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Nemi Chand and ors. Vs. the Urban Improvement Trust, Bharatpur - Court Judgment

LegalCrystal Citation
SubjectProperty;Civil
CourtRajasthan High Court
Decided On
Case NumberCivil Revn. No. 454 of 1974
Judge
Reported inAIR1978Raj45; 1977()WLN634
ActsCode of Civil Procedure (CPC) , 1908 - Order 39, Rule 1; Rajasthan Land Revenue Act, 1956 - Sections 140; Evidence Act, 1872 - Sections 114
AppellantNemi Chand and ors.
RespondentThe Urban Improvement Trust, Bharatpur
Appellant Advocate D.K. Soral, Adv.
Respondent Advocate R.M. Lodha, Adv.
DispositionPetition allowed
Cases ReferredRajasthan v. Baldev Singh
Excerpt:
.....indicates that by an order of the collector (jagir) the land has vested in the urban improvement trust, bharatpur. this has further support from the entries in the jamabandi of s.y. 2026. the presumption of correctness under section 140 of the rajasthan land revenue act is a rebuttal in presumption ;the learned district judge did not take into consideration the jamabandi of s.y. 2010 and the jamabandi 2026 the learned district judge has also not taken into consideration the impact (sic) dated 11-2-1965, and has assumed that the order of the collector (sic) did cost which was not produced before him. the order of the assistant collector zamnabandi & biswedar it could be set aside only by the revenue appellate authority, and not by the collector (jagir).;(b) civil procedure code -..........nemi chand and others filed a suit for permanent injunction against the urban improvement trust, bharatpur. an application under order 39, rules 1 and 2, c.p.c. was also filed praying that the defendant be restrained from auctioning the suit land. the learned munsiff initially issued an injunction in favour of the plaintiffs against the defendant on 15th may, 1974. after hearing the parties the injunction was confirmed on 1-6-1974. the defendant feel-ing aggrieved filed an appeal before the learned district judge, bharatpur. the appeal was allowed by the learned district judge on 12th august, 1974, and the order of the trial court was set aside. the plaintiffs feeling aggrieved by the order of the learned district judge have come up in revision before this court.3. on behalf of.....
Judgment:
ORDER

P.D. Kudal, J.

1. This revision petition under Section 115, C.P.C. is directed against the order of the learned District Judge, Bharatpur dated 12th August, 1974, whereby the order issuing injunction of the learned Munsiff, Bharatpur dated 1st June, 1976 was reversed.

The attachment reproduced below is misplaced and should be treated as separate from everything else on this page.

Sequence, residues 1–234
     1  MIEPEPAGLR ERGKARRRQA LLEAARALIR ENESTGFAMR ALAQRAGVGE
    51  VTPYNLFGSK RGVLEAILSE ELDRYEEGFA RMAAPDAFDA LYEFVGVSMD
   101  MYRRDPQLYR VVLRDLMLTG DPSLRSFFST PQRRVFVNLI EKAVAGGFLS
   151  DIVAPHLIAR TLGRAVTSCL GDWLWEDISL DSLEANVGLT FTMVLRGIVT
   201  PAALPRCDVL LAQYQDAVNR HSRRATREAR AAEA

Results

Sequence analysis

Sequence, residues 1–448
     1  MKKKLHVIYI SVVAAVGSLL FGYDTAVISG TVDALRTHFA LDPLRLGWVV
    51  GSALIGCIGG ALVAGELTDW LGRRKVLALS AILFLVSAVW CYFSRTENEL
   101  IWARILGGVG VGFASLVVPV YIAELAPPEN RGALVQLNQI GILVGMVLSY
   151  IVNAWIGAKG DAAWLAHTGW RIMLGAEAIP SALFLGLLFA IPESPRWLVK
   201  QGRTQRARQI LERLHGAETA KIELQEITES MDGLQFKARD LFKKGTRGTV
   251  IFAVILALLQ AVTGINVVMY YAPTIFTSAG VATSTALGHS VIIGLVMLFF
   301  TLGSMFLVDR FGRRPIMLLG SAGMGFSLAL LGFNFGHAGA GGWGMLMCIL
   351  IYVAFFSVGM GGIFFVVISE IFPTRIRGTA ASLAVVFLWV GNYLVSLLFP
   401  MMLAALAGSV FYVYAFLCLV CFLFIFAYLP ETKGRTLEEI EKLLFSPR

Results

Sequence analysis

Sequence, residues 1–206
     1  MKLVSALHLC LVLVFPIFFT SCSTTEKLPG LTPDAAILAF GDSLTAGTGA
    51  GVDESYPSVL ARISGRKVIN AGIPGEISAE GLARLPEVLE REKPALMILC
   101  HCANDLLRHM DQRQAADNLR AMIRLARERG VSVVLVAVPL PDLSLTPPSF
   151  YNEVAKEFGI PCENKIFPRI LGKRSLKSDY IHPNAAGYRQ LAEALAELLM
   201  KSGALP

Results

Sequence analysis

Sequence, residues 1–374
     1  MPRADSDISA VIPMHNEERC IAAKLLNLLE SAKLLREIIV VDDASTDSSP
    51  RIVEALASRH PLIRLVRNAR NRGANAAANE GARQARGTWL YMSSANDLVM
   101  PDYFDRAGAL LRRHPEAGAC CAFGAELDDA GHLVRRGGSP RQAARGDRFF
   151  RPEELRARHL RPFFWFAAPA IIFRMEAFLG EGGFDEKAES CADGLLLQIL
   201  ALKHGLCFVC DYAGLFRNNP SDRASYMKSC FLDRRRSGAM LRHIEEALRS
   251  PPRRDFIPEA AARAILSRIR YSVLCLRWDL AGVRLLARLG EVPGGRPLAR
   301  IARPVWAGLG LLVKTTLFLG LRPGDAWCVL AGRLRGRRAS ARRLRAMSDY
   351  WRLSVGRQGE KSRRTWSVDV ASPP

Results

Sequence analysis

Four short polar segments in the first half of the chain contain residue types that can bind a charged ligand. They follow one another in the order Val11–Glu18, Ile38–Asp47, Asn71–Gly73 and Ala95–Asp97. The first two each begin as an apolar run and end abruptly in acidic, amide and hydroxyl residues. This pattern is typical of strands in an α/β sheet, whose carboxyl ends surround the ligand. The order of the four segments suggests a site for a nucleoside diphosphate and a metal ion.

2. The brief facts which are relevant for the disposal of this revision petition are that the plaintiffs Nemi Chand and others filed a suit for permanent injunction against the Urban Improvement Trust, Bharatpur. An application under Order 39, Rules 1 and 2, C.P.C. was also filed praying that the defendant be restrained from auctioning the suit land. The learned Munsiff initially issued an injunction in favour of the plaintiffs against the defendant on 15th May, 1974. After hearing the parties the injunction was confirmed on 1-6-1974. The defendant feel-ing aggrieved filed an appeal before the learned District Judge, Bharatpur. The appeal was allowed by the learned District Judge on 12th August, 1974, and the order of the trial Court was set aside. The plaintiffs feeling aggrieved by the order of the learned District Judge have come up in revision before this Court.

3. On behalf of the plaintiff-petitioners, it was contended that the learned District Judge has erred in law in vacating the injunction order issued by the trial Court, It was further contended that the learned lower appellate Court acted illegally and with material irregularity in exercise of its jurisdiction in holding that the plaintiffs had no prima facie case in their favour and the balance of convenience is also not on the side of the plaintiffs. It was further contended that there is nothing on the record on the basis of which it could be inferred that the land in question ever vested in the Urban Improvement Trust, Bharatpur, and that the learned District Judge seriously erred in law in holding that no irreparable loss would be caused to the plaintiffs if the land in question is allowed to be auctioned. It was further contended that there was enough material on the record on the basis of which only one inference could be drawn, and that was that the land in question belonged to the plaintiffs, and it never vested in the Urban Improvement Trust, Bharatpur. It was also contended that the learned lower appellate Court did not care to go through the documentary evidence on record and has based its judgment merely on conjectures and surmises rather than on actual appreciation of evidence on record. It was also contended that a failure of justice has occasioned by the learned lower appellate Court by exercising its jurisdiction illegally and with material irregularity inasmuch as the documents on record have not been considered and presumptions have been drawn regarding the existence of documents which have not been produced.